By default, the DHCP Client, Distributed Transaction Coordinator, DNS Client, License Logging Service, Performance Logs and Alerts, and Remote Procedure Call (RPC) Locator services use the Network Service account. The Alerter, Plug and Play, Remote Registry Service, Smart Card, SSDP Discovery, TCP/IP NetBIOS Helper Service, Telnet, Uninterruptible Power Supply, and WebClient services use the Local Service account. You should also use the Network Service or Local Service account for backup, antivirus, and other services and applications you install under Windows 2003.

4. Anonymous Accounts Kicked Out of the Everyone Group
In Win2K and NT, the Anonymous account is a member of the Everyone group. The Anonymous account gives limited access to public Web server users without requiring account or password authentication. However, because the Everyone group is often given permissions to files, shares, and other resources, intruders have found ways to exploit this unauthenticated account.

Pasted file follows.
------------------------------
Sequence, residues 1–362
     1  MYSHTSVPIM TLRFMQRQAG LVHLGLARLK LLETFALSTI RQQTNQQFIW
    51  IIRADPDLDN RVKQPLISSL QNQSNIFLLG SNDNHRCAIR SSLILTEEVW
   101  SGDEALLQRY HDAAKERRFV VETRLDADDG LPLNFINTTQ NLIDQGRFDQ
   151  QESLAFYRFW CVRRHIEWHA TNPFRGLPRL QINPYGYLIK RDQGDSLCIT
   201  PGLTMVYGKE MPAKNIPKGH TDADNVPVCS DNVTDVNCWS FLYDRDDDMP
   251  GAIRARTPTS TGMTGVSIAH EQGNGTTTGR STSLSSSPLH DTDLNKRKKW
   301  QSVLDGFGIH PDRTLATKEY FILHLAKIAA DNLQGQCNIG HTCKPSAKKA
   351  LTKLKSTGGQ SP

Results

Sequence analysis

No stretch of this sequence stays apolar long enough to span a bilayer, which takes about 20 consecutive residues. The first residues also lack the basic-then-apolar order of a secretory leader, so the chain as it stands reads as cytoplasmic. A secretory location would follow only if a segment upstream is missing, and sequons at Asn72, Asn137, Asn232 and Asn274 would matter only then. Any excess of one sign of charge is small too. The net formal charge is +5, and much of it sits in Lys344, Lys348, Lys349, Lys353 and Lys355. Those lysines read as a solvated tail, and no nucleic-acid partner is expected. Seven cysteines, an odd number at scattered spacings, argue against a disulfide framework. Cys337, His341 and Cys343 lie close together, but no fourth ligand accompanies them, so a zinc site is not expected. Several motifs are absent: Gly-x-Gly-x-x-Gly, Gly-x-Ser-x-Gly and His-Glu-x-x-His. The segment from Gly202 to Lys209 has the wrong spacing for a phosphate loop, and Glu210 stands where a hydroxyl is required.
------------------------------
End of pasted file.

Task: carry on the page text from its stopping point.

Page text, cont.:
In Windows 2003, Microsoft has removed anonymous accounts from the Everyone group. The only situation in which this change might cause problems for administrators is if a Web server needs to grant increased access to unauthenticated public users so that, for example, the users can update a file or execute an application. In that case, you can manually add the Anonymous account back into the Everyone group (which defeats the purpose of the added protection) or grant limited file or directory permissions to the Anonymous account.

5. Access Limited for Accounts with Blank Passwords
As with all earlier versions, Windows 2003 servers can grant privileges (e.g., ACLs, group membership) to local user accounts that were created on another system. This arrangement relinquishes some degree of control to the remote system. Windows 2003 servers, however, check the authentication tokens and reject access for any account that has a blank password. This authentication check enforces at least a degree of operational security on accounts that aren't centrally administered and ensures that accounts with blank passwords have little authority.

6. IIS Locked Down
Microsoft security engineers use the term attack surface area to refer to the number of opportunities an intruder has to exploit a system, including the system's services, applications, and network protocols. The most important parts of the attack surface are those that are configurable or optional. (For more information about the attack surface area, see "Using Attack Surface Area and Relative Attack Surface Quotient to Identify Attackability," http://www.microsoft.com/windowsserver2003/techinfo/overview/advsec.mspx.)